Correlating arts and reading instruction for accelerated achievement in emergent literacy
Keller, Candace Ann Burnside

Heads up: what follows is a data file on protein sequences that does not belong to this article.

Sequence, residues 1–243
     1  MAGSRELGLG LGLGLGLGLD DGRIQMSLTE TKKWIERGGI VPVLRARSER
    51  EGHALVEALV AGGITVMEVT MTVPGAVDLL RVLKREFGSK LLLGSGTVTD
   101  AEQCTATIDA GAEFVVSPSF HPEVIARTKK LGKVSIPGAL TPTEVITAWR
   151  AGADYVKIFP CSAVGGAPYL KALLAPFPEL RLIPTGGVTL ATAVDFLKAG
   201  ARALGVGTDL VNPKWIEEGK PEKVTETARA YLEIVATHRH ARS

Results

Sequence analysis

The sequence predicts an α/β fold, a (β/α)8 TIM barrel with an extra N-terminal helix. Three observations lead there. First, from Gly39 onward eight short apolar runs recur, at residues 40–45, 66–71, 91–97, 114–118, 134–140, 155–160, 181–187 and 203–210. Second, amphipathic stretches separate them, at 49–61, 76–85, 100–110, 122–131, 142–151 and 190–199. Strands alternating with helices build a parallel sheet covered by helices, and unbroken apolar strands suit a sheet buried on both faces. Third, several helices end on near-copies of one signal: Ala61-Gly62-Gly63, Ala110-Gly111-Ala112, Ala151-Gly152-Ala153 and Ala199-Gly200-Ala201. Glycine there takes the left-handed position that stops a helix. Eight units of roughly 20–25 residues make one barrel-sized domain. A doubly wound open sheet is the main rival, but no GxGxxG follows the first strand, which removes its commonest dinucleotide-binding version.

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This study will observe how the incorporation of specific arts activities may support reading instruction and accelerate the progress of emergent readers. Through applications at the kindergarten level, this research will endeavor to document how systematic inclusion of arts activities may impart essential knowledge and skills directly related to language development and to early achievement in reading. Established and experimental programs have correlated instruction in the aesthetic arts and language arts with positive score gains in the upper primary grades. To determine if these same positive score gains might result from relating arts and reading curriculum at the kindergarten level, a two-year study was designed for a kindergarten classroom. Arts activities were selected from the areas of visual arts, music and theater, and related to the reading instructional material. In the visual arts area, activities in drawing, illustration and collage making were selected from district-approved curriculum guides and adapted to relate directly to the reading curriculum and instruction. Music activities in the form of songs, chants or raps, and rhythm-making activities were also correlated to the lesson planning material. Theater activities selected for inclusion in the study were storytelling, role-playing, and physical and verbal expression. To determine the validity and the significance of this correlation of arts activities and reading instruction, quantitative research methods were selected. The study was conducted with the same classroom teacher over two years in a district Title 1 school. To compare the progress of the treatment classroom to a greater population, scores generated from the TerraNova CTBS Complete Battery were collected from all public school kindergarten classes in the district. The TerraNova is a nationally normed standardized test, which includes three distinct categories which address literacy, including reading and oral comprehension, language and environmental print, sound/visual recognition, and word analysis. Quantitative measures in statistical analysis included in the study compared the mean of the treatment group with the mean of other classroom groups by using a calculated z-score and a p value at the .05 level of significance.